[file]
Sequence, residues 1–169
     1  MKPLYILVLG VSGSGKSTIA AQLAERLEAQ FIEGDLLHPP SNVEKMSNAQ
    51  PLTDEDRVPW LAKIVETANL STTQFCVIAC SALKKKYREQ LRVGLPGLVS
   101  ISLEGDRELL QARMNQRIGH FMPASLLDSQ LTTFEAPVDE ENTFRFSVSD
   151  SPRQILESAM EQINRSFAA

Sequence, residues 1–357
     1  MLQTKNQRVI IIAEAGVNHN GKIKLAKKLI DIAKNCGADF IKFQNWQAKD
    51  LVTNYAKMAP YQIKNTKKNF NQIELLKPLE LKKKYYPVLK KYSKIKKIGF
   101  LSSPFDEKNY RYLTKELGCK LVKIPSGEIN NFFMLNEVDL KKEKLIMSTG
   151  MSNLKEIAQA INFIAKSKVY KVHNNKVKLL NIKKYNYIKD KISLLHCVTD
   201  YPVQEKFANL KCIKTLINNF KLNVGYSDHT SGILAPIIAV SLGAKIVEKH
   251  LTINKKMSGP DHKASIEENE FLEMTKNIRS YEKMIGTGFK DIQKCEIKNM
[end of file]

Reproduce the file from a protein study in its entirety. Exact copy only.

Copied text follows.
Sequence, residues 1–169
     1  MKPLYILVLG VSGSGKSTIA AQLAERLEAQ FIEGDLLHPP SNVEKMSNAQ
    51  PLTDEDRVPW LAKIVETANL STTQFCVIAC SALKKKYREQ LRVGLPGLVS
   101  ISLEGDRELL QARMNQRIGH FMPASLLDSQ LTTFEAPVDE ENTFRFSVSD
   151  SPRQILESAM EQINRSFAA

Sequence, residues 1–357
     1  MLQTKNQRVI IIAEAGVNHN GKIKLAKKLI DIAKNCGADF IKFQNWQAKD
    51  LVTNYAKMAP YQIKNTKKNF NQIELLKPLE LKKKYYPVLK KYSKIKKIGF
   101  LSSPFDEKNY RYLTKELGCK LVKIPSGEIN NFFMLNEVDL KKEKLIMSTG
   151  MSNLKEIAQA INFIAKSKVY KVHNNKVKLL NIKKYNYIKD KISLLHCVTD
   201  YPVQEKFANL KCIKTLINNF KLNVGYSDHT SGILAPIIAV SLGAKIVEKH
   251  LTINKKMSGP DHKASIEENE FLEMTKNIRS YEKMIGTGFK DIQKCEIKNM